Supreme Court’s Silent Power: The Cases They Turned Away
The Supreme Court’s final decisions of the term may have grabbed the headlines, but it’s the cases they decided not to hear that reveal the true power of the court. In a recent “order list,” the majority effectively made a series of decisions by simply refusing to make them at all. And with Republicans holding a 6-3 majority, the implications are significant. Here are some of the cases the court denied, and what it means for issues like voting rights, jury bias, and qualified immunity.
1. Felon disenfranchisement in Harness v. Watson
The court rejected a challenge to voting rights rules in Mississippi, allowing a racist relic from 1890 to stand. The state constitution listed crimes that would lead to disenfranchisement, with the belief that Black people would be convicted more than white people. Justice Ketanji Brown Jackson called out the majority’s hypocrisy, pointing to their embrace of equality in the affirmative action ruling the day before. This decision is a blow to voting rights and raises questions about the court’s commitment to equality.
2. Jury bias in Clark v. Mississippi
Mississippi’s history with racism in jury selection is well-documented, and this case highlights the state’s failure to learn from past mistakes. Despite a previous Supreme Court ruling that a Black prospective juror should not have been excluded, the state court ignored the precedent. Justice Sonia Sotomayor expressed her concern that a Black man will be put to death based on a jury that may have been selected based on race. The court’s refusal to intervene raises serious questions about justice and fairness in the criminal justice system.
3. Qualified immunity
The controversial doctrine of qualified immunity, which shields law enforcement from civil accountability, was also at the center of two cases the court declined to hear. Justice Sotomayor argued that this doctrine becomes an absolute shield for unjustified killings and other grave constitutional violations. In one case, a Black man was fatally shot in the back by police, while in the other, a man died in police custody. Sotomayor’s dissent highlights the need for accountability and justice in cases involving law enforcement.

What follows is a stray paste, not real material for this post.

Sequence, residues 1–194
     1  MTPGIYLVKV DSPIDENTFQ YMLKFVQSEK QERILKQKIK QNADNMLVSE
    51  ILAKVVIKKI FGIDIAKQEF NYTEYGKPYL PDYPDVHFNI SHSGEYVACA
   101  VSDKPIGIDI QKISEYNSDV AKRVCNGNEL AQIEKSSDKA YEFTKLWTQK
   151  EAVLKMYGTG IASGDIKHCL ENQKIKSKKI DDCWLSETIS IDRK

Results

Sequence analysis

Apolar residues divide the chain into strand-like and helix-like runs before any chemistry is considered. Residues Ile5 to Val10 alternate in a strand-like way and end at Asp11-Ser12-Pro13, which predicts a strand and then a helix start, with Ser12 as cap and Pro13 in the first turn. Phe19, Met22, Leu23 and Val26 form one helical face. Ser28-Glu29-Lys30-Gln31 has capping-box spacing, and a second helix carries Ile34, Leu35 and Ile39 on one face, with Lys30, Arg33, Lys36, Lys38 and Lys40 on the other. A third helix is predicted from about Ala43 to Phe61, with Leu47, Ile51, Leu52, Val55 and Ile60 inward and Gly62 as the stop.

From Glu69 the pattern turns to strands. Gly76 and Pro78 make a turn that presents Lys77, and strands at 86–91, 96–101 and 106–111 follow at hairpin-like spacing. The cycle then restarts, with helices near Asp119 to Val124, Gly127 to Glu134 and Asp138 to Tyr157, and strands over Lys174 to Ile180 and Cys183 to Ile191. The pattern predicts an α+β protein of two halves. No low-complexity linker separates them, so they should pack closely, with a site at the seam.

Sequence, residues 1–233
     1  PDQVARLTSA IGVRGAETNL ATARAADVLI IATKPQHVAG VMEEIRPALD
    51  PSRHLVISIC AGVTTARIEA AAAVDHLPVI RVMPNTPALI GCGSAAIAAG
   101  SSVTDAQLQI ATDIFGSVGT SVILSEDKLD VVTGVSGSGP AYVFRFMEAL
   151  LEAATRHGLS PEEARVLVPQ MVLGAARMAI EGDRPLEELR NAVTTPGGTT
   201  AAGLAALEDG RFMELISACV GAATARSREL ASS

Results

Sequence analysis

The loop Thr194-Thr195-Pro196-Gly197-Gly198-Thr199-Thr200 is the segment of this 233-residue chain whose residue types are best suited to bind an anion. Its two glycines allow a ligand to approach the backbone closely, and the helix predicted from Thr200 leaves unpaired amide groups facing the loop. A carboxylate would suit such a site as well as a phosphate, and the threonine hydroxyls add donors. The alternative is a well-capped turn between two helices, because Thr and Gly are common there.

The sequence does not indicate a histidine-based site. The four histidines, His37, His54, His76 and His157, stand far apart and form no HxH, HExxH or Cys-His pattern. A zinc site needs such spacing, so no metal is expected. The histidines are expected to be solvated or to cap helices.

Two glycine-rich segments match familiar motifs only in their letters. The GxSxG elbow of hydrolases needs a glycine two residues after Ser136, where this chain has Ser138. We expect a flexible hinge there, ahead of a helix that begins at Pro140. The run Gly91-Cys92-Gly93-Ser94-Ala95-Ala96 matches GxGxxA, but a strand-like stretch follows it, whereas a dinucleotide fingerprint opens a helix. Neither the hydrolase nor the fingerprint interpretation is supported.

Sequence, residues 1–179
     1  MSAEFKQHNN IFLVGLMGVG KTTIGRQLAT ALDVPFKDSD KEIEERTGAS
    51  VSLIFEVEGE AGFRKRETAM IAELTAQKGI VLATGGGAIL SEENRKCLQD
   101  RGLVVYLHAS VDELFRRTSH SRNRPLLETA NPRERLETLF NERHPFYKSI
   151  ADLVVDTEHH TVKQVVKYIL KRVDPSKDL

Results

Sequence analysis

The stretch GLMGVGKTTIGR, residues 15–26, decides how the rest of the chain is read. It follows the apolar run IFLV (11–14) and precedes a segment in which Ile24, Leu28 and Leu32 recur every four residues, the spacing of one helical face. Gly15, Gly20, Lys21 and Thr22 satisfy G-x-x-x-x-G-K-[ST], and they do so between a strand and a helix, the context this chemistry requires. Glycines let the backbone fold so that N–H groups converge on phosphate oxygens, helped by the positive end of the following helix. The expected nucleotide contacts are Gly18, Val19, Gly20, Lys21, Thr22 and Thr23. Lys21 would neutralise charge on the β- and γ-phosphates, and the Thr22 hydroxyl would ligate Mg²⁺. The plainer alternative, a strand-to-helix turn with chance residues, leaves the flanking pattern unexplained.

The court’s decision to turn away these cases speaks volumes about their priorities and the power they hold over the legal landscape. By not making decisions on important issues like voting rights, jury bias, and qualified immunity, the court effectively shapes the law without even uttering a word. It is a reminder that the Supreme Court’s influence extends far beyond the cases they choose to hear, and it raises concerns about the direction of justice in our country.
Title: Revealing the Supreme Court’s Priorities: GOP Justices Reject Voting Rights and Jury Bias Appeals
The United States Supreme Court, as the highest judicial authority in the nation, plays a crucial role in shaping the legal landscape and safeguarding the principles of justice and equality. However, recent decisions by the Court’s conservative majority have raised concerns about its priorities, particularly in relation to voting rights and addressing jury bias. This article aims to shed light on the Supreme Court’s stance on these critical issues and the potential implications for American democracy.